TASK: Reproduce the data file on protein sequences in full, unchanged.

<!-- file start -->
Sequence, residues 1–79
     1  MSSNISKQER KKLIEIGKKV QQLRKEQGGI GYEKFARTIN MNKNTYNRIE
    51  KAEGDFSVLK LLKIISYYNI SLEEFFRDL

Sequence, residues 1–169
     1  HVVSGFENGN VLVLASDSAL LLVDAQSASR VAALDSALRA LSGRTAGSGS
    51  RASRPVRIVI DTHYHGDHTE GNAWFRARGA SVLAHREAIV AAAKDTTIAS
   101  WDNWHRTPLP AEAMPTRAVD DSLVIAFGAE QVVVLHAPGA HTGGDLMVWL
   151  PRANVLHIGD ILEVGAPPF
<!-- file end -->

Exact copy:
Sequence, residues 1–79
     1  MSSNISKQER KKLIEIGKKV QQLRKEQGGI GYEKFARTIN MNKNTYNRIE
    51  KAEGDFSVLK LLKIISYYNI SLEEFFRDL

Sequence, residues 1–169
     1  HVVSGFENGN VLVLASDSAL LLVDAQSASR VAALDSALRA LSGRTAGSGS
    51  RASRPVRIVI DTHYHGDHTE GNAWFRARGA SVLAHREAIV AAAKDTTIAS
   101  WDNWHRTPLP AEAMPTRAVD DSLVIAFGAE QVVVLHAPGA HTGGDLMVWL
   151  PRANVLHIGD ILEVGAPPF